The Cabinet Secretary is the head of the government structure and is responsible for formulating policy, followed in that order by the Secretaries/Additional Secretaries, Joint Secretaries, Directors, Under Secretaries, and Junior Scale Officers. Civil officials fill these positions according to their level of seniority within the Civil Services as per the All India Services act. The Minister weighs the issue and makes a judgement after receiving input from several officers as part of the decision-making process.

Supervision and touring are involved in the implementation process. The distribution of significant monies to and by the field offices necessitates oversight, and the officials in question must be prepared to respond to questions from the Parliament.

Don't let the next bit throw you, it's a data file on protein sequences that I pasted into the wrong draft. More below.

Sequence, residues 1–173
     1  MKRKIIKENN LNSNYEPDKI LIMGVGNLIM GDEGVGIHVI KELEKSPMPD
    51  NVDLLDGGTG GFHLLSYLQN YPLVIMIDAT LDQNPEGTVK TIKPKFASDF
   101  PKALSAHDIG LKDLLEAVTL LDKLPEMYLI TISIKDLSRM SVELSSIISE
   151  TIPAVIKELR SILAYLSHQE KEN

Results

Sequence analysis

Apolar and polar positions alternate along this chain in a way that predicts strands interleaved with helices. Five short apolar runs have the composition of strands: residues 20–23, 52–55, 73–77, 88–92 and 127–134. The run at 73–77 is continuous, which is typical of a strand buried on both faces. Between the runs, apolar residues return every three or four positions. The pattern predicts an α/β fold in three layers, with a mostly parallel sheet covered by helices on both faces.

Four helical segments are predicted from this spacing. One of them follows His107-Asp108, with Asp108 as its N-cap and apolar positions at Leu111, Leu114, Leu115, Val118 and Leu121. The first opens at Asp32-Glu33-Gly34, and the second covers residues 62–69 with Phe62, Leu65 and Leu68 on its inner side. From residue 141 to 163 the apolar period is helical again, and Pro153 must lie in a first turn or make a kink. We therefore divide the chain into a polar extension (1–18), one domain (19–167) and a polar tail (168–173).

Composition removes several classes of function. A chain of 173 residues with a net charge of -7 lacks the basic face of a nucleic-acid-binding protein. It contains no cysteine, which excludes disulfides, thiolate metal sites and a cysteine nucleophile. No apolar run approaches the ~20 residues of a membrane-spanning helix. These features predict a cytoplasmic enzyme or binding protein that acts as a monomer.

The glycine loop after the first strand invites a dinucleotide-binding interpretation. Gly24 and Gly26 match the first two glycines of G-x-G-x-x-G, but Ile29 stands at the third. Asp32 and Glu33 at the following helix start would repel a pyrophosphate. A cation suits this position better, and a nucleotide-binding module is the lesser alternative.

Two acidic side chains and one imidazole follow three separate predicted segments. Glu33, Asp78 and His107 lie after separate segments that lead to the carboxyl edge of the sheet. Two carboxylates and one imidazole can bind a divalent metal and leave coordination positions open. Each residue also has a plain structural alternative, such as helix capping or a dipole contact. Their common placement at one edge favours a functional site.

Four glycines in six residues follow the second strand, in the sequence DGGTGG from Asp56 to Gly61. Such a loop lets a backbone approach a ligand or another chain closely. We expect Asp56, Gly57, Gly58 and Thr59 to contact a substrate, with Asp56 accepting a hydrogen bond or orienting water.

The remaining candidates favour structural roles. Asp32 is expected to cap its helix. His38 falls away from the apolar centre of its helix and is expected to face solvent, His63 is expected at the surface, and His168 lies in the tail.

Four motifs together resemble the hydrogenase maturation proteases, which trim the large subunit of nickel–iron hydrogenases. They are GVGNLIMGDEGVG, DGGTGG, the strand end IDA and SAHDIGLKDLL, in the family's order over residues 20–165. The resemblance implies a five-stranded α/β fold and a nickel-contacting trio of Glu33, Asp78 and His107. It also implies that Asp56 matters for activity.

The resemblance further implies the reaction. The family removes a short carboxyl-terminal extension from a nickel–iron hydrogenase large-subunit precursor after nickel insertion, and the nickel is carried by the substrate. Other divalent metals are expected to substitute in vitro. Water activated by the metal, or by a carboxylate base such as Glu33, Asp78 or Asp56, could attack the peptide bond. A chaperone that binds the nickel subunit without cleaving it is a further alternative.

IAS Ranks - Hierarchy

The ranks that an IAS official will occupy during his term in all India services are listed below:

  • Cabinet Secretary
  • Secretary/Additional Secretary
  • Joint Secretary
  • Director
  • Under Secretary
  • Junior Scale Officers
  • Senior Scale Officer
  • Super Time Scale
  • Above Super Time Scale

All India Services: Indian Police Service (IPS)

As one of the All India Services, the Indian Police Service (IPS) is in charge of maintaining the internal security, law and order, and public safety. The Indian Police Service (IPS) took the role of the Imperial Police (IP) after India gained independence (1948). The Indian Police Service is the organisation to which all senior police personnel belong, regardless of the agency for which they serve. It is not a law enforcement organisation in and of itself.